Energy expenditure of transfemoral amputees walking on a horizontal and tilted treadmill simulating different outdoor walking conditions
Journal article, Peer reviewed
Postprint version. original article can be found at u r l: http://dx.doi.org/10.3109/03093640903585016
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OriginalversjonStarholm, I.M., Gjøvaag, T. & Mengshoel, A.M. (2010). Prosthetics and Orthotics International, 34 (2), 184-194 http://dx.doi.org/10.3109/03093640903585016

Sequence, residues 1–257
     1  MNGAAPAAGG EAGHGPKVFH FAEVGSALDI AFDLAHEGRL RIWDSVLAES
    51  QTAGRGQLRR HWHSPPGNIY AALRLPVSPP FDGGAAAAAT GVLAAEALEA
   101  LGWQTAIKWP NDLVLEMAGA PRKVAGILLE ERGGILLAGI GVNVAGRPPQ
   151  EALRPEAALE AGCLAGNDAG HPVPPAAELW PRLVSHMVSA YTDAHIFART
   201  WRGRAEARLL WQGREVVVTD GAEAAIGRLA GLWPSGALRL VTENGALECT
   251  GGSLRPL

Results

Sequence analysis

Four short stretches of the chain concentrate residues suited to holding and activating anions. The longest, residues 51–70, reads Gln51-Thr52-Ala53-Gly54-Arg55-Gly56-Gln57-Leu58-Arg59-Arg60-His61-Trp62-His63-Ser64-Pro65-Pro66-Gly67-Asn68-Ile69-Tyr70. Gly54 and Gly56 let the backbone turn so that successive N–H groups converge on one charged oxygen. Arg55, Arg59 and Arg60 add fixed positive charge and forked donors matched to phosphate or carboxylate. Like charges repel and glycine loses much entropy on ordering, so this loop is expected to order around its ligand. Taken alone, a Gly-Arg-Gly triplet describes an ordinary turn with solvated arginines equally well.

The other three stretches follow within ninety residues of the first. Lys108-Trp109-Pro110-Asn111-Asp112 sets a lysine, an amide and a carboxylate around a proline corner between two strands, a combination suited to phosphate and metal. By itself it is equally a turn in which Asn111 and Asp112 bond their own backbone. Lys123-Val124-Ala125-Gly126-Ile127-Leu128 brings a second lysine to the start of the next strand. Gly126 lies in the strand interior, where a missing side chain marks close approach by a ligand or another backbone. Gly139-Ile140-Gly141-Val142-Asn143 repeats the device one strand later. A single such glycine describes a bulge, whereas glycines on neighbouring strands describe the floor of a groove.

Background and aim: Transfemoral amputees often report that walking on tilted pavements or in terrain with the prosthesis on the highest side is quite strenuous. This study investigates the energy expenditure of transfemoral amputees (n=8) walking on altered treadmill positions simulating different outdoor walking conditions. Method: Oxygen uptake at self selected speed of gait was measured during walking at three different treadmill positions: (I) Horizontal treadmill, (II) 3 % tilt in the sagittal plane and (III) 3 % tilt in both the sagittal and frontal plane of the treadmill. Results: The difference in oxygen uptake between position I and II was in median 4,3%, and 16,4% between position II and III (p≤ 0, 05 for all comparisons). The subjects utilized about 50% of their VO_2_max when walking in position I and II while energy expenditure increased to about 60% of the amputees VO_2_max when walking in position III. Conclusion: Transfemoral amputees use significantly more energy when walking on a moderately tilted surface in the frontal plane compared to walking with a tilt in the sagittal plane only. The prosthetic leg becomes functionally too long when the walking surface is tilted sideways, and the transfemoral amputees adopt a more energy consuming gait pattern.